Crush syndrome is a condition that is associated with serious injuries. It is very dangerous and directly threatens the patient's life. The essence of the problem is discussed below.
The crush syndrome is caused by a longer-lasting compression of soft tissues (especially muscles) by some external force. Is typical for wounded, who were buried under some material such as soil, sand or rubble.
Massive external compression force damages the tissues. When the person is saved and pulled out from the compressing material, the crush syndrome begins to manifest. The blood supply to the (drained of blood) tissues restores, but local blood vessels are damaged and the blood fluid leaks to nearby tissues causing their swelling. The swollen tissues further compress the blood vessels and worsen the blood and nutrient supply. In addition, the blood fluid is misses in the circulatory system and the situation may quickly progress into hypovolemic shock. In addition, the damaged muscle fibers may disintegrate (so-called rhabdomyolysis) and release a substance known as myoglobin located within the muscle fibers. Myoglobin molecules enter the bloodstream and when they reach kidneys, the clog in their filtration units, the glomeruli. The obstruction of multiple glomeruli together with failing circulatory system may easily cause acute kidney failure. And if that was not enough, there occurs a problem with potassium. Dying cells of damaged tissue release large amount of potassium and impaired kidneys are unable to excrete it from the body. This situation results in hyperkalemia.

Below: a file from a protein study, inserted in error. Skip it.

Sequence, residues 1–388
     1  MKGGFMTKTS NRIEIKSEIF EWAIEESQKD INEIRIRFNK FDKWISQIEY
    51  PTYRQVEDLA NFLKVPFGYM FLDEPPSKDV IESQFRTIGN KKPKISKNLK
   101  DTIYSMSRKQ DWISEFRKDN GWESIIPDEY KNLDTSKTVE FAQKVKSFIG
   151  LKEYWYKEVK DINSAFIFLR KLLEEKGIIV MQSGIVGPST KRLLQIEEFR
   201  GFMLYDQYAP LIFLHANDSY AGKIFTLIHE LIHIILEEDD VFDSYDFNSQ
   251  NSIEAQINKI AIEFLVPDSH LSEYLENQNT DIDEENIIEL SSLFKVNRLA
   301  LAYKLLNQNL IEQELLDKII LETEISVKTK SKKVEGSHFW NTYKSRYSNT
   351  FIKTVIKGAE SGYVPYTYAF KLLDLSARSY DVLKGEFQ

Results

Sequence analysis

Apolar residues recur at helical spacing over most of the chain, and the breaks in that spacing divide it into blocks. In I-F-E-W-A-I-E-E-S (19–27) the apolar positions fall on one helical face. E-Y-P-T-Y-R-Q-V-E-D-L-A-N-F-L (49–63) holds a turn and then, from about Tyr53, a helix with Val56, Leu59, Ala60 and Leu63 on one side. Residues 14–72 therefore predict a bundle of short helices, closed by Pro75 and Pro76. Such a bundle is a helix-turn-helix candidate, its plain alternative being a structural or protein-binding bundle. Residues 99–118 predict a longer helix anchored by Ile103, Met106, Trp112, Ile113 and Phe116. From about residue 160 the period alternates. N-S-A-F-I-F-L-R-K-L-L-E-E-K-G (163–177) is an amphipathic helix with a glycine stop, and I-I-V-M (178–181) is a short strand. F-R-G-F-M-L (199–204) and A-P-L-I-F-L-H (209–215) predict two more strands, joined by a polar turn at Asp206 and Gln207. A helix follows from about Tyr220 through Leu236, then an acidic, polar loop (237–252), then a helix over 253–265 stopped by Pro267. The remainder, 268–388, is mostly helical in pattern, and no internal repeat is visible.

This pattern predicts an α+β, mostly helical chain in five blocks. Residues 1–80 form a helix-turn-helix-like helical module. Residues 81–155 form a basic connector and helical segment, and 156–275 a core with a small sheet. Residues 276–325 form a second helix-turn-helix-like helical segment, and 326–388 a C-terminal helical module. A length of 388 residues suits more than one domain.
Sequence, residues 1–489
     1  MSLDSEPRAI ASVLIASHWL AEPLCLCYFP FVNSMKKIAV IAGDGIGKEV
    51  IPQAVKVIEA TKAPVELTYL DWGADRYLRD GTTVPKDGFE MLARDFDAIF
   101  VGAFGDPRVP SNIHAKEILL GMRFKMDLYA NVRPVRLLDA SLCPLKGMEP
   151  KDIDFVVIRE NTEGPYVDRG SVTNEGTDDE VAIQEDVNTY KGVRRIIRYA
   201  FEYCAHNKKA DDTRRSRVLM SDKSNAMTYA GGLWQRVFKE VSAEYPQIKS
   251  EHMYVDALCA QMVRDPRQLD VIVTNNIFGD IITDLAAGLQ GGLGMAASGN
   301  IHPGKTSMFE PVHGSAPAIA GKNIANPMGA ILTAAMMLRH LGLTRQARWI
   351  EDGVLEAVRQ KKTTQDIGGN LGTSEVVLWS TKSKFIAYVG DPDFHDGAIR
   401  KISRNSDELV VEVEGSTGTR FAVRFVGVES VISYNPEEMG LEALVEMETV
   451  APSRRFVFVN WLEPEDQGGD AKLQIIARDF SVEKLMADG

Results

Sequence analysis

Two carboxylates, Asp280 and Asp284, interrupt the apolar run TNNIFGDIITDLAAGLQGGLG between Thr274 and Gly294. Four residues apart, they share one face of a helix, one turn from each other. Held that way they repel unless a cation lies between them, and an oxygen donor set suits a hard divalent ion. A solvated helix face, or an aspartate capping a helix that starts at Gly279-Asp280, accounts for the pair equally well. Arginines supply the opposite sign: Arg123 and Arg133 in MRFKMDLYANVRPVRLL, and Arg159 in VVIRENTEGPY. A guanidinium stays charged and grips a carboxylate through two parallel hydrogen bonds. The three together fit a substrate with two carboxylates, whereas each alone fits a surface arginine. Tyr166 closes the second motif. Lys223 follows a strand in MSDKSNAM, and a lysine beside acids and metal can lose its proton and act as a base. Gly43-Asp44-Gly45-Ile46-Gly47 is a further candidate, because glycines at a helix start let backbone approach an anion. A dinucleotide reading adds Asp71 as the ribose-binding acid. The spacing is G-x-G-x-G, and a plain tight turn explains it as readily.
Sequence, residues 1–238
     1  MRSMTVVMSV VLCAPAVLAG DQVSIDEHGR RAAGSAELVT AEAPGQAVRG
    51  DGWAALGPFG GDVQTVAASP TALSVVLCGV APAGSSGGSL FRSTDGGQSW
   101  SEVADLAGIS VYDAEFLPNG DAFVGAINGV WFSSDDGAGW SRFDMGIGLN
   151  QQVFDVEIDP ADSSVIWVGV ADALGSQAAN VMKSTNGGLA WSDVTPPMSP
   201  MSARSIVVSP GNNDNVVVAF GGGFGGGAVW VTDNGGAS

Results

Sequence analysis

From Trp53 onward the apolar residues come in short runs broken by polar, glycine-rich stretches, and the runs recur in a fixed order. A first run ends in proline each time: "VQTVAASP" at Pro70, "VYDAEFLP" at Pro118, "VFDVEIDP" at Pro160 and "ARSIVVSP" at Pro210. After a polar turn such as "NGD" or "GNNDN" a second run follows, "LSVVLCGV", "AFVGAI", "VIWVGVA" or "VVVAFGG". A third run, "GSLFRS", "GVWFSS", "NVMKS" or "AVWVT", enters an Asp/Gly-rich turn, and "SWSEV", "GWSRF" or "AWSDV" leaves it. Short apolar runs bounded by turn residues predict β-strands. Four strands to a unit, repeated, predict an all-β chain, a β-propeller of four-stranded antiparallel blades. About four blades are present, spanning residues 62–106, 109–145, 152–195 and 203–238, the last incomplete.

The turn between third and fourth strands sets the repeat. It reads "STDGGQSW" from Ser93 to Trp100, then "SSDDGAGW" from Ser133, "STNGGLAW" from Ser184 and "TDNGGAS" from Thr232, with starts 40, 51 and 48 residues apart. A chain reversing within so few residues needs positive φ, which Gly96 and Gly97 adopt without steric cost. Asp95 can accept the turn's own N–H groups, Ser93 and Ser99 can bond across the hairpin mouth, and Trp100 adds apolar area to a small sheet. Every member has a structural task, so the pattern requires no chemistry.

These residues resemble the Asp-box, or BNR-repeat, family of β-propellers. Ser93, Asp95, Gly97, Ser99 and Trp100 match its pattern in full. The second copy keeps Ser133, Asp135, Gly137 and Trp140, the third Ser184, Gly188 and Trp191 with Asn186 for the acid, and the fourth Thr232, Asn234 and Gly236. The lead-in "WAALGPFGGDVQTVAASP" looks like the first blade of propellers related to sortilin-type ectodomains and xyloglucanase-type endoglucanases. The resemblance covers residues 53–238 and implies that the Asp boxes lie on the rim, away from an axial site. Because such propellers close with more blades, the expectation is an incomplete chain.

The person looks seemingly uninjured as one has no visible wounds or internal bleeding. However, the condition begins to deteriorate rapidly, the affected tissue swell, hurt and the signs of shock begin to develop (rapid heart rate, low blood pressure, pallor, unconsciousness and death).
Every person buried under any solid material for more than 15 minutes should be immediately (after the rescue) taken to a hospital for examination and monitoring.
The main thing is to keep the patient alive for the critical period of several days. The patient in a crush syndrome should be hospitalized in the ICU, monitored and the circulatory system must be maintained by intravenous infusions. Acute renal failure needs to be solved by acute temporary dialysis. When the patient survives, the prognosis is very good as the damaged kidney tissue tends to recover. When any part of the body (typically the lower extremity) is severely damaged by the crush syndrome, its amputation may be necessary.